During the summer after my junior year of high school, I went on a ten-day mission trip to Oradea, Romania with dozens of other teenagers to host Vacation Bible Schools (VBS) in Romani villages scattered along the outskirts of the city. As we trained at the Global Expeditions base camp in Texas, practiced Romanian words, and finally flew over the Atlantic Ocean, the expectation that we were being sent to help people in poverty grew.
After stepping off the bus that transported us from a Hungarian airport, our team turned to face rolling hills and a local church, Biserica de Hristos, confident that we would bring hope to the natives. Chanting songs and practicing various parts of our VBS, we re-assured one another that we were “world-changers.”
Until we went to Tinka.
As the poorest Romani village, Tinka sprawled across acres of trash and human waste. Songs shriveled in our throats when we witnessed a young woman stick her hand down her throat, throw up, and then eat her vomit out of hunger. Suddenly, our skits seemed foolish and our trinkets, trivial. We performed anyway and prayed with excruciating humility that our insignificant efforts would make a difference. But playing with the kids and exchanging broken Romanian with their parents only exposed our inability to really help them. Amidst trees that formed a canopy of brilliant green over rickety shacks constructed from metal scraps and bamboo, we discovered our own inner poverty.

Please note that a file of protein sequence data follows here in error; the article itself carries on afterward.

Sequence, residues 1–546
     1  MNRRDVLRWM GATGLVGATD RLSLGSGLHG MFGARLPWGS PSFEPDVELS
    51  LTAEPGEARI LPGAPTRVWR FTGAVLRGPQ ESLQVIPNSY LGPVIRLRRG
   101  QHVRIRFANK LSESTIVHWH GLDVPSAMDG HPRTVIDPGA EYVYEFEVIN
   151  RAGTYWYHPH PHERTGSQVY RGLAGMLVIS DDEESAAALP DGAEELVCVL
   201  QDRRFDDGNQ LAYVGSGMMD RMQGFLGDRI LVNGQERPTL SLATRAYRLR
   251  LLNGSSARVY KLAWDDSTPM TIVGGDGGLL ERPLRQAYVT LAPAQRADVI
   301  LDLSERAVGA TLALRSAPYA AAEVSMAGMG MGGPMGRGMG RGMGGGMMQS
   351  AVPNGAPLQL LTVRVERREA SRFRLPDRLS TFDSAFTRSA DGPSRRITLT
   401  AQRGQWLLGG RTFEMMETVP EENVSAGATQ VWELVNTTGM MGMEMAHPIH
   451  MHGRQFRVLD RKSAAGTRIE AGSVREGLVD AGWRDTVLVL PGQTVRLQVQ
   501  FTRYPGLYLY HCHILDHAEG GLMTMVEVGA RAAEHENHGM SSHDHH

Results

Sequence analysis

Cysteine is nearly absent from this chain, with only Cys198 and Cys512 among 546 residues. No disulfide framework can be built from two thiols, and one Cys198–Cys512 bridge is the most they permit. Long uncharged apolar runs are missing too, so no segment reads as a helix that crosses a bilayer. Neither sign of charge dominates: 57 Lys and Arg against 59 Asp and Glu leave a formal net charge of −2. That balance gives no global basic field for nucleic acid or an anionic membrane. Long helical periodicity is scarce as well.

A few days after visiting Tinka, we stood on the summit of Mushroom Top Mountain and lifted our hands over red tiled rooftops and crystal skies. Stretching our bodies toward a Spirit that whispered with the wind, we wept at the realization that Someone could already save them – and He wanted to save us too.
Jesus didn’t come to rescue us with petty programs or lofty speeches. He came as a human, for humans. He came with compassion so scandalous that kings and religious leaders tried to suppress him, his own people discriminated against him, and we murdered him. But death could not defeat him, and he spread himself across the trash and human waste of our lives and offered his life for our freedom.
As I stood on Mushroom Top Mountain, Oradea gleaming in afternoon light, I felt God’s faithfulness in the sky, in the people around me, in the plan I knew He had for my life. The profound love I experienced in that moment set me free from my own poverty.
The following poem speaks of this fundamental transformation, which renews my hope each passing day:
There is a crown within this earthquake –
A glazed, glinting headdress
Golden as a yoke.
Break the egg
Tear down the mountain
There is a crown within this earthquake.
Sanctuaries are shattered and dead
Hands pull back the curtain
No rip it to shreds
From top to bottom
Expose open air to the holy of holies
Where no man should go
Without a rope wrapped around his ankle
And bells to clink and clank and signal
Yes you are alive and still walking.
Go to the tomb, I tell you
Gritty bits of rock and jewels lace the mouth
Open in after-shock, shaken and empty.
Murky chamber, peer in: For the man
Is not here. He left only linens
From his two-night stand with sour sponges and satan
Eloi, eloi, lema sabachthani?
Raise a hand and touch the scars seared with
Nails gnawing at flesh, pound them deep for
My King: He is not here.